The implementation of trigger warnings has become increasingly prevalent over the last few years. Geneseo currently has no policy about the application of these warnings in classroom settings.
Faculty members are left to determine whether they would like to use trigger warnings, according to Vice President for Student and Campus Life Robert Bonfiglio. Interim Provost and professor of English Paul Schacht said that he believes that Geneseo does not have any specific guidelines due to the various cases that occur when dealing with trigger warnings.
“I don’t know if you could write a policy that would help you figure out how to navigate and negotiate these individual cases,” Schacht said. “What I do know is that the right thing for students and faculty to do is to be open to talking to each other and listening to each other and finding ways to work together that are based on respect, empathy and a recognition of what our shared goals are.”
If a student comes to a faculty member and explains that they are generally uncomfortable with the required course material, Schacht said he believes offering alternative assignments could be problematic.
“Writers, historians and literary writers write about things in order to call attention to them, often in order to make us—the readers—feel like we’re living through that experience,” he said. “So we’d be in a bad place if every time we assigned stuff that made people feel uncomfortable we had to offer an alternative assignment.”
With the decision to enforce trigger warnings left in the hands of the faculty, each take their own approach in administering such warnings.
Assistant professor of philosophy and women’s studies Amanda Roth said that she believes that in some cases the controversial nature of a course can be self-evident in the titles of the courses themselves, citing courses she has taught on pornography and abortion as examples. Roth also explained that some faculty members may be hesitant to apply such warnings in their classrooms because they could take away from the power of a literary work or a film, but that she does implement them in her own classes out of courtesy for her students.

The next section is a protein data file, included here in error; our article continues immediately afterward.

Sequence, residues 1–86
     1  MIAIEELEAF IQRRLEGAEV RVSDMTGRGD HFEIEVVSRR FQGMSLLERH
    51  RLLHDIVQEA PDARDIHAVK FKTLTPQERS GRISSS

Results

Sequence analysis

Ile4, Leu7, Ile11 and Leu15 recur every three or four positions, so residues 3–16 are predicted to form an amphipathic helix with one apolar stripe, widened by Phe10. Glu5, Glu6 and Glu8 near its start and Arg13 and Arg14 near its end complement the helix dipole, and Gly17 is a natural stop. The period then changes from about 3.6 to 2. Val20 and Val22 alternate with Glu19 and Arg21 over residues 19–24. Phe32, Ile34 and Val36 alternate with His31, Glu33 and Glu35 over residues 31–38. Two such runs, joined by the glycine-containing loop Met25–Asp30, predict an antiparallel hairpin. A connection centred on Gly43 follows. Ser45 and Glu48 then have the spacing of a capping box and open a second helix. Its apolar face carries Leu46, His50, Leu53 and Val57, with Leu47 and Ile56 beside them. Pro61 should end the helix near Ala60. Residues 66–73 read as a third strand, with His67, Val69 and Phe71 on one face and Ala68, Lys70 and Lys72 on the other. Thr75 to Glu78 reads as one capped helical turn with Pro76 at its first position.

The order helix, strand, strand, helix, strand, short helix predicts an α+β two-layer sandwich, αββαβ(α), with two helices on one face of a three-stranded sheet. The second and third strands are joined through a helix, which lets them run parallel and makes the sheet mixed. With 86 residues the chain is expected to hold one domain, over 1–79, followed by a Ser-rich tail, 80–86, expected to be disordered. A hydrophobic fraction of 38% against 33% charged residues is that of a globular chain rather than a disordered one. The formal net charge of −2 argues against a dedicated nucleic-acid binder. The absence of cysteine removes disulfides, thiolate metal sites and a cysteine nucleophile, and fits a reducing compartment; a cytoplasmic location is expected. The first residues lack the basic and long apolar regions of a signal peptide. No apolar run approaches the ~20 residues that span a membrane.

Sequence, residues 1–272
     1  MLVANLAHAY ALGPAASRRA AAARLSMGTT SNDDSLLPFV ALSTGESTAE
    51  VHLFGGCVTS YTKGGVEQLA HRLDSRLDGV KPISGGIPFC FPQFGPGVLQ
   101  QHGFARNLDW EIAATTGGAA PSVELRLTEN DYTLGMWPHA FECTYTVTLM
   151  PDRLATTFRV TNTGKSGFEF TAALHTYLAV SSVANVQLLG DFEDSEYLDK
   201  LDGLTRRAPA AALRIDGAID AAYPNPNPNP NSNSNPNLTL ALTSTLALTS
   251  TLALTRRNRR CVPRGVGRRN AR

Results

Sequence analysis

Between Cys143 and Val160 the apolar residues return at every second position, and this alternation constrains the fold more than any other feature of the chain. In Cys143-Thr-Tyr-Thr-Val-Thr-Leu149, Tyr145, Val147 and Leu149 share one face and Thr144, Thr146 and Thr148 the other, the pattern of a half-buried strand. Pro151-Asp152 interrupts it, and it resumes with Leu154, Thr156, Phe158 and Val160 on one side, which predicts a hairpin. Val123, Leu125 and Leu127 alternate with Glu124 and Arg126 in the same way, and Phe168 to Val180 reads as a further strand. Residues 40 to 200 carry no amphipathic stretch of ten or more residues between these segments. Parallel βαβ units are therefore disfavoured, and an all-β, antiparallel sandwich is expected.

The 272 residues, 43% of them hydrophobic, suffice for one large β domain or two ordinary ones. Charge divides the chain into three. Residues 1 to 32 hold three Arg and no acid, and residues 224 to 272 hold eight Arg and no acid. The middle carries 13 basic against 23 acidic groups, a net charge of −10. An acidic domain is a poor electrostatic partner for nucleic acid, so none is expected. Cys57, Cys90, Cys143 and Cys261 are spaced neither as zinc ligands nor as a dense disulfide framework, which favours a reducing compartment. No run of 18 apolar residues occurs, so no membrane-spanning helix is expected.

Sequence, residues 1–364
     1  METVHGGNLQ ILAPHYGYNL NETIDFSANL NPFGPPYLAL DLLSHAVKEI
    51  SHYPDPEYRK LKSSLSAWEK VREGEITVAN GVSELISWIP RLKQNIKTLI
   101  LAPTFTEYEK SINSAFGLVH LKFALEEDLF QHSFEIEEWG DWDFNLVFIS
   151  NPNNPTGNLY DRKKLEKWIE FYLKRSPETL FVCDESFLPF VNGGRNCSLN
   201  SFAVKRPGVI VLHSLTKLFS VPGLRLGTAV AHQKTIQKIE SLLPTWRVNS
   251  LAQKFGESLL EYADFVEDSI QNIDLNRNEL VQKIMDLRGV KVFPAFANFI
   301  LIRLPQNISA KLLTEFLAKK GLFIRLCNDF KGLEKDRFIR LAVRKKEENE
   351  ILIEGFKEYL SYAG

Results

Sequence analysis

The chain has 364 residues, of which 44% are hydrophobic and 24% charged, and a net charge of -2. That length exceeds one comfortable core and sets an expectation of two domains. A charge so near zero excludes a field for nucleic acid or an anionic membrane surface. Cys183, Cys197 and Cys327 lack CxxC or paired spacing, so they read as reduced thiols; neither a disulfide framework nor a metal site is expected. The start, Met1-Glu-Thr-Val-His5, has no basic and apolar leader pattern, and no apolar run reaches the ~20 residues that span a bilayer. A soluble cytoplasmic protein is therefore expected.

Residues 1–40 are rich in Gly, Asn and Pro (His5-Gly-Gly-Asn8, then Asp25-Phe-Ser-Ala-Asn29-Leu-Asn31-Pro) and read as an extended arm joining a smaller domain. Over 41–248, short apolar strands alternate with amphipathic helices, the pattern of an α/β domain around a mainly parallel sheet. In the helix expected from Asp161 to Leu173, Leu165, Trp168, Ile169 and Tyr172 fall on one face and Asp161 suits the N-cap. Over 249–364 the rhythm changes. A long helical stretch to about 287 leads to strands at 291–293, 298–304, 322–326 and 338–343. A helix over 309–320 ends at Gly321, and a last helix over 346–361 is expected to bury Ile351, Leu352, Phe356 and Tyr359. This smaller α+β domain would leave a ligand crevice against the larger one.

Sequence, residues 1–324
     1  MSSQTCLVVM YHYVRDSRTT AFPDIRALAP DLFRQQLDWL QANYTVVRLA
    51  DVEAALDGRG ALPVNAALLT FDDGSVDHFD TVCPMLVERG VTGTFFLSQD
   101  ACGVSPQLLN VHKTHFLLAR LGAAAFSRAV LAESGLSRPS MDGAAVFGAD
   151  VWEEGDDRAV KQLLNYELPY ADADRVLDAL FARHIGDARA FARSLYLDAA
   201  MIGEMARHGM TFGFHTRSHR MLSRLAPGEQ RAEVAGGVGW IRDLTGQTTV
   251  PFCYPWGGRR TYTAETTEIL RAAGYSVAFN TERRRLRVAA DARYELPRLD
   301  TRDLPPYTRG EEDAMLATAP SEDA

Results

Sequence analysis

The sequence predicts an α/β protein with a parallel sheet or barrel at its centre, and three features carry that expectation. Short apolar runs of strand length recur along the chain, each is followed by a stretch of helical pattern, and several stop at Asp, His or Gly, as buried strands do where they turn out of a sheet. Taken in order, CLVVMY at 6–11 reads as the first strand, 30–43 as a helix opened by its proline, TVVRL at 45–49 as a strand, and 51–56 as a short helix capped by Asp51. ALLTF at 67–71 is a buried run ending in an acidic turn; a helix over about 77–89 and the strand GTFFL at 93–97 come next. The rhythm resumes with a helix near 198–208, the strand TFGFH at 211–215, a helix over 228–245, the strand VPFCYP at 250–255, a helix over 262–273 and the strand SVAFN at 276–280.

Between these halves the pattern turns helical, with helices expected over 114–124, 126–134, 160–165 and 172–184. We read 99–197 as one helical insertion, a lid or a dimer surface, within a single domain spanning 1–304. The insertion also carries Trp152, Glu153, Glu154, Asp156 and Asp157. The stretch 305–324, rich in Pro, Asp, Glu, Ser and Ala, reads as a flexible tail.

“Because I teach women’s studies courses, most of those courses involve some discussion of sexual violence—often a lot of discussion,” Roth said. “What I tend to do is if there’s a particular unit or if there’s a particular book or film, I usually will mention something.”
Adjunct lecturer of philosophy Charles Hertrick said that he believes that a general warning during the introductory class session and a caveat note in the syllabus are sufficient in making students aware of the nature of the course content.
“I do not think it would be possible to avoid all controversial topics with the humanities,” Hertrick said. “I also think part of it is the experience of reading the text directly, confronting the text and wrestling with the text.”
Professor and Chair of the philosophy department Theodore Everett echoed similar beliefs, explaining that it is the professor’s responsibility to fully explain the content of the course. At the same time, Everett said that his classrooms must be open to free speech.
“If controversial material appears in the course, I expect everyone to take it in the spirit of inquiry, and feel free to argue either way about it, but not expect it to be suppressed,” Everett said.
Faculty believe that students’ reservations and complaints are to be taken seriously with this topic, expressing that they are available to assist them in handling the material.
“It is my job to advocate for the students,” Bonfiglio said. “So if a student came to me and said they wanted a particular warning in a particular class, I would be supportive of them.”
News editor Annie Renaud contributed reporting to this article.